President of the United States Joe Biden delivers his inaugural address during the 59th Presidential Inauguration. – Washington, DC – January 20, 2021 (Shutterstock)
By Peter Boogaard, USA Today
Do you have to be cruel to secure the southern border? This is an undercurrent in the debate about increased migration, and it came to the forefront during President Joe Biden’s news conference Thursday. Conventional wisdom says that if you make life miserable for people seeking refuge, they won’t try to come. But that ignores facts and historical context.
We’ve just left behind four years of President Donald Trump’s cruelty as a deterrence border policy and saw firsthand that his approach was a failure by any moral, substantive or political measure. We can’t return to those misguided policies.
Let’s start with the facts: Border apprehensions are up significantly, as they were in 2014, 2016 and 2019. Similar to those years, we’ve seen an increase in families and unaccompanied children claiming asylum at the border, all vulnerable populations that require unique care and logistics to ensure their safety. The government is still trying to rebuild its processing capacity after Trump spent four years dismantling it. Coupled with the increased COVID-19 safety protocols, this is a substantial challenge.
Wave began under Trump policies
This most recent migration increase started in April 2020, after Trump had put in effect some of his harshest border policies and long before Biden took office. And now, just as in 2014, 2016 and 2019, the border remains secure.
There are nearly 20,000 border patrol agents at the southern border, and we have invested more than $300 billion in border security over the last two decades. Families and children fleeing violence and persecution are not overrunning the border; they are largely presenting themselves to border patrol agents to claim asylum. The wealthiest and most powerful country on earth can treat people fleeing for their lives with care and dignity while also keeping our families and communities safe.
Immigration and border security are complicated issues, but we cannot forget the consequences of Trump’s policies. He and his team essentially eliminated the asylum system and decimated the U.S. government’s ability to process arrivals effectively. They canceled programs that allowed migrants to apply from their home countries, and terminated aid programs for the Northern Triangle countries of Guatemala, Honduras, and El Salvador, which addressed the original causes of migration.
They also accelerated the misguided policy of militarizing the southern border— as if we were facing armed invaders — instead of investing in systems to help desperate children and families fleeing violence and seeking freedom. These policies contributed to increases in irregular migration we see today.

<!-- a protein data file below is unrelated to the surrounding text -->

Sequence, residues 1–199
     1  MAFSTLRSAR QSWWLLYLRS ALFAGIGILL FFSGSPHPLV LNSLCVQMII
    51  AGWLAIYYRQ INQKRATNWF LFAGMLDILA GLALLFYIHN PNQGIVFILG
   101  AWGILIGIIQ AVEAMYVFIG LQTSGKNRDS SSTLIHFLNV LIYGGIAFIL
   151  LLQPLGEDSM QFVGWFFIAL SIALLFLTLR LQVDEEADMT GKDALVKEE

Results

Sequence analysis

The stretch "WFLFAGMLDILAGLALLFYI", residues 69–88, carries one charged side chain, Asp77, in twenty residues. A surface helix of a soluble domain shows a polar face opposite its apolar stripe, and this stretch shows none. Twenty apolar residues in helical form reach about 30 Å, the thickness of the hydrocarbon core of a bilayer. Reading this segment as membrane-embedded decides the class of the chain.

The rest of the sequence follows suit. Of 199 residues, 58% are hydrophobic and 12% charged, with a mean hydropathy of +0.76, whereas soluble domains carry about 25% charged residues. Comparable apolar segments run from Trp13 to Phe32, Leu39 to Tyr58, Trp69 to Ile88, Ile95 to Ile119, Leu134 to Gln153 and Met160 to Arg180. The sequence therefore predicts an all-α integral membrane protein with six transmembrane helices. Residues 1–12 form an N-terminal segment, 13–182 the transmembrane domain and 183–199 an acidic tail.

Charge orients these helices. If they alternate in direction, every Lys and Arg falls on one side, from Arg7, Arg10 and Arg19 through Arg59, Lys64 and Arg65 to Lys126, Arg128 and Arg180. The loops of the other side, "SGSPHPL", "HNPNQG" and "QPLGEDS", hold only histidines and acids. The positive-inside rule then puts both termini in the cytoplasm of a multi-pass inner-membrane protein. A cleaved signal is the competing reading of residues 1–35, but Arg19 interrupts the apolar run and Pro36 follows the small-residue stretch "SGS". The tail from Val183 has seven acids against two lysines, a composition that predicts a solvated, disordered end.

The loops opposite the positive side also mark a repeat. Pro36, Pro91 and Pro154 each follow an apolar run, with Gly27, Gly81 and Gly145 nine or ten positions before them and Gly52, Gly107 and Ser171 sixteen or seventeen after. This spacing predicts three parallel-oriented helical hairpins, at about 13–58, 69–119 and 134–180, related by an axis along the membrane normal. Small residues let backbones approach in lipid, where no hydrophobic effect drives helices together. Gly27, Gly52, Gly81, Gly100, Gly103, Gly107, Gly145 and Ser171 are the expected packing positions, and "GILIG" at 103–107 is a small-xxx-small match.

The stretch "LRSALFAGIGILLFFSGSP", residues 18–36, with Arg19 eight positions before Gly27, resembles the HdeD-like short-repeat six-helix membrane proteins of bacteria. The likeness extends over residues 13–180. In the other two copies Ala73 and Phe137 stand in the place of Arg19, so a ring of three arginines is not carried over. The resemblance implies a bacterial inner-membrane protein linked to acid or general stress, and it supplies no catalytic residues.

Further, through the cruel policy of family separation, and systematically blocking tens of thousands from legally seeking asylum, people were forced to try and enter between ports instead of seeking legal admission in an orderly fashion through a port of entry. The results were clear: In FY 2019, after two years of Trump’s border policies, nearly 1 million people were apprehended at our borders, the highest year-to-year increase since the 1940s.
Similarly, sending people back to Mexico to wait or expelling them rapidly under a public health statute didn’t act as a deterrent. We saw a steady increase in apprehensions starting in April 2020 that has continued to today. And, as Biden said last week, no one would suggest that those increases were happening because Trump was a nice guy.
Cruelty didn’t work as a deterrent and it was wildly unpopular. People across the country rejected his family separation policies, contributing to Republicans’ electoral defeats in 2018 and 2020. Biden is right to take a new approach, both because of the human toll and also because the policies weren’t effective over the long term. As he expands capacity to process families and children with dignity, he and Vice President Kamala Harris also plan to address the underlying conditions driving migration.
Kindness doesn’t equal weakness
People seeking humanitarian relief or a better life in the United States should be able to apply closer to home, as opposed to only at the border through the asylum system. Expanding programs like the Central American Minors program, while establishing refugee processing in the Western Hemisphere, would increase legal channels and reduce activity at the border.
Providing aid to the Northern Triangle will help improve conditions in that region and reduce the push factors driving people away from their homes. And leveraging U.S. regional partnerships to expand refugee protections and overall resettlement across the hemisphere will improve conditions for migrants and further expand overall resettlement capacity for people in need of protection. These steps will establish a fair and orderly migration process, while ensuring vital asylum protections, and help keep our families and communities safe and our border secure.
Every day when I drop my two kids off at school, I tell them to be kind. Never once have I thought that meant they weren’t also going to be strong. Cruelty doesn’t equal strength and it certainly isn’t an effective long-term border strategy. So we are left with a binary choice: return to Trump’s failed policies, or embrace a new approach. Biden has a plan to finally take action on the root causes of migration and to fix our long broken immigration system. He should continue to follow through on it.
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